Dave Helling

Why hasn’t KC elected a Latino to the City Council in almost a generation?

Even though she can’t vote, Frida Sanchez, 19, beats the streets to encourage others to vote

She is not an American citizen, even though since age 5 the only home Frida Sanchez, 19, has known is Kansas City. Sanchez, a DACA recipient, is working with The Kansas/Missouri Dream Alliance to encourage young Latinos to get out the vote.
Up Next
She is not an American citizen, even though since age 5 the only home Frida Sanchez, 19, has known is Kansas City. Sanchez, a DACA recipient, is working with The Kansas/Missouri Dream Alliance to encourage young Latinos to get out the vote.

I’m not very good at predictions, but I feel safe making this one: After Kansas City’s June election, the new City Council will have no Latino or Latina members.

That’s because no candidates left in the field claim a Latino heritage.

A one-time quirk? No. Community leaders say disgraced former councilman Michael Hernandez was the last Latino to serve at 12th and Oak, back in the 1990s.

This seems surprising, and wrong. More than 10 percent of Kansas City’s residents claim Hispanic backgrounds, yet no Latino has served or will serve in elected city government in almost a generation.

Imagine the reaction if African American candidates had been shut out over a similar time frame, or women candidates. Kansas City would be scandalized and probably in court. The lack of Hispanic representation, on the other hand, goes nearly unnoticed.

Well, except in the Latino political community, where powerlessness is discussed with frustration and dismay. Latinos have found places on appointed boards and commissions and remain active in nonprofit community improvement work, yet elective political influence appears beyond the community’s grasp.

Why would that be?

Part of the explanation lies in the way council districts were drawn after the last census. Two of the city’s six council districts were created to provide as much opportunity for African American candidates as possible.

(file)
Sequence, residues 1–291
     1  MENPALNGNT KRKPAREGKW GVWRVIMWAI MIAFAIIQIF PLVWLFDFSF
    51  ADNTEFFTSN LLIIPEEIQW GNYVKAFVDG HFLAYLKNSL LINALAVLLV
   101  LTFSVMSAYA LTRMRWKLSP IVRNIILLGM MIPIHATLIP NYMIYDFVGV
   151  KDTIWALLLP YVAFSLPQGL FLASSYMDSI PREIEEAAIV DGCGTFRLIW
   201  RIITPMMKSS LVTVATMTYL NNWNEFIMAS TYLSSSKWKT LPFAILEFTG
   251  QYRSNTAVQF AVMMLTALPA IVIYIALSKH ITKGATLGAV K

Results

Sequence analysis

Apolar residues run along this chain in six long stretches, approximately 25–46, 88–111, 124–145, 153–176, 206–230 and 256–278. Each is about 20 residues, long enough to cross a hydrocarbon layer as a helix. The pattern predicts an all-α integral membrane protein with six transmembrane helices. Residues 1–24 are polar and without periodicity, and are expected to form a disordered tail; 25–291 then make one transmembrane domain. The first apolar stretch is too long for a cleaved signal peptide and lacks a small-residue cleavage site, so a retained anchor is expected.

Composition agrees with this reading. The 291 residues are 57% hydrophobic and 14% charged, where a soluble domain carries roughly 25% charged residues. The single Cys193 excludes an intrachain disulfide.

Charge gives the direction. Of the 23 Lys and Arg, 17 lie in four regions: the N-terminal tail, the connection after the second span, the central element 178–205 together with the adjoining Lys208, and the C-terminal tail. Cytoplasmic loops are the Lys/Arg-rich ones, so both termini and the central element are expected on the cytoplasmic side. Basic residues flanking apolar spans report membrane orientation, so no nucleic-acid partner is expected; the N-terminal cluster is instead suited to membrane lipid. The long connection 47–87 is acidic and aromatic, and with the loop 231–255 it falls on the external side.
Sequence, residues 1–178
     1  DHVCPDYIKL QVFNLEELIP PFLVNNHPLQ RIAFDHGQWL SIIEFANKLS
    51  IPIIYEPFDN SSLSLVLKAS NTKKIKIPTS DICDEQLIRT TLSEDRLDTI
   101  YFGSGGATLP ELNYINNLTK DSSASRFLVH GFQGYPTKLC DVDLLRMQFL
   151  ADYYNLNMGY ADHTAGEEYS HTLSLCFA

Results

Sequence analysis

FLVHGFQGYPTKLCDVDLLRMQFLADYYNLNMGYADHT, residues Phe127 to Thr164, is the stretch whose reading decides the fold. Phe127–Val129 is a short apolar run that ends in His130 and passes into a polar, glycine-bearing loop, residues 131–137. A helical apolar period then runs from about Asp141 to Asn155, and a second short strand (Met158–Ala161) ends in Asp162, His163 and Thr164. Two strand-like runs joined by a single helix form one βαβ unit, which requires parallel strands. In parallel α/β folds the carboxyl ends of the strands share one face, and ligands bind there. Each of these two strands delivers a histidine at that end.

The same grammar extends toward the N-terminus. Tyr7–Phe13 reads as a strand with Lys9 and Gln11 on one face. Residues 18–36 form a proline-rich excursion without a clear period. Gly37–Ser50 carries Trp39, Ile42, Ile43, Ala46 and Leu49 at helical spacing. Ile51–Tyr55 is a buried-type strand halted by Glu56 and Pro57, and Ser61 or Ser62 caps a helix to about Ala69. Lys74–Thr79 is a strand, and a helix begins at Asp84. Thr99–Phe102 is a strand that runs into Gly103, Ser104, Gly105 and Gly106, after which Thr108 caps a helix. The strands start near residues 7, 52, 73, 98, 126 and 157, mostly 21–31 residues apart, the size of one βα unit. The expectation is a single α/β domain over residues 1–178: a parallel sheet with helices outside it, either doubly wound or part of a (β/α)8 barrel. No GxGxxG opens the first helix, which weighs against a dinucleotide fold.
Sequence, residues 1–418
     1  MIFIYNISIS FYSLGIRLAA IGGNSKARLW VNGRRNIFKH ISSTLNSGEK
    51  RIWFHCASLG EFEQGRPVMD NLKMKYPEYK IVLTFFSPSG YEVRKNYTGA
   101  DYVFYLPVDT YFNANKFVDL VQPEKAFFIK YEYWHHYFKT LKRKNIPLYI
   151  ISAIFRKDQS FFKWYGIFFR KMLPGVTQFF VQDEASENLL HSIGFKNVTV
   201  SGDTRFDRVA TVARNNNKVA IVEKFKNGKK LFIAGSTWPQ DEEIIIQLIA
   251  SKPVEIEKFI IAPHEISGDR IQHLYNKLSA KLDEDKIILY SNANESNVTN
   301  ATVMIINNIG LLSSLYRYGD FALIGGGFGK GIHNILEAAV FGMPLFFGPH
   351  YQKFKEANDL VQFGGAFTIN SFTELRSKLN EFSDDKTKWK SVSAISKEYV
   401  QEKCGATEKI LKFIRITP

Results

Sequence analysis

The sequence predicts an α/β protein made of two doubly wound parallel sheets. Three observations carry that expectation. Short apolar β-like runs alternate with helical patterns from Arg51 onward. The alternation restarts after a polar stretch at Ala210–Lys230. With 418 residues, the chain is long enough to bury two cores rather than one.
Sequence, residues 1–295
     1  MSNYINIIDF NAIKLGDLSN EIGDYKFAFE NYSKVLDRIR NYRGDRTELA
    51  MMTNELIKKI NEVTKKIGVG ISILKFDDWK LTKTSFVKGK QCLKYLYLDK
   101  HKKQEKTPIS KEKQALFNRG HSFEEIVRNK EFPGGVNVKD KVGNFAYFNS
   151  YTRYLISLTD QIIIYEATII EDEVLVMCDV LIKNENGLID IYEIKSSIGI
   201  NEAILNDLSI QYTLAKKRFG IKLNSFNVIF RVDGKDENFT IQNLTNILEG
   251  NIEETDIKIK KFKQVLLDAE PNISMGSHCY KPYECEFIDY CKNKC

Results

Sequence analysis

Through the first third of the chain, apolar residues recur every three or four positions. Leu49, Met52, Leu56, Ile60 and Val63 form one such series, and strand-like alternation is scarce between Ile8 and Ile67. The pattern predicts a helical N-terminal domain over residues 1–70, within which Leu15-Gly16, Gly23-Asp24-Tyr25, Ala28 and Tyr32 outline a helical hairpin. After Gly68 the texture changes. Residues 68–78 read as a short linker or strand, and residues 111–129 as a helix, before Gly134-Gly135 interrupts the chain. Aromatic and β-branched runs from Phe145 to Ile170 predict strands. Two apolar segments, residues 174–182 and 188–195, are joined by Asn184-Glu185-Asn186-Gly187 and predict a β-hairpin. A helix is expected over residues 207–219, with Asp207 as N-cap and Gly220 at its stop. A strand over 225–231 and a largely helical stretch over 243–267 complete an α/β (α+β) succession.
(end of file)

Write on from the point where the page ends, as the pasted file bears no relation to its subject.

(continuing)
But an attempt to draw a district that was likely to put a Hispanic candidate on the City Council fell short. That means Latino candidates have largely had to compete citywide, a difficult challenge for any minority group in Kansas City.

The new mayor and council will craft district maps after the 2020 census. There will be an intense discussion about creating more opportunities for Latino candidates, including district lines that enhance voting power on the west side and along Independence Avenue. That might include a new plan establishing nine in-district seats, instead of six.

Broadly, though, Latino leaders say poorly-drawn districts are just a part of the problem. Latinos, like all voters, have different views and interests. They live in neighborhoods across the city.

That diffusion has left the Latino community divided on candidates, issues and approach, I’m told. Fighting and disagreement. Problems with fundraising. A lack of consensus on strategy and message. A divided minority community almost always suffers at the polls.

Kansas City’s Latino leaders recognize the problem. They are worried about the lack of a voice at City Hall: African Americans fought to ensure inclusion on the Kansas City International Airport terminal project, for example, while Latino input was less visible.

For the record, everyone should be concerned. A strong Latino voice would bring needed perspective to an increasingly diverse community, particularly when immigration and assimilation are critical national issues.

In June, Kansas City voters will elect the next mayor: an African American man or an openly gay woman. Both represent progressive inclusiveness in local politics.

But there has never been a Latino mayor in Kansas City, and there hasn’t been a Latino council member in a long time. After the June election, the community must begin work to change that in 2023.

Related stories from Kansas City Star

  Comments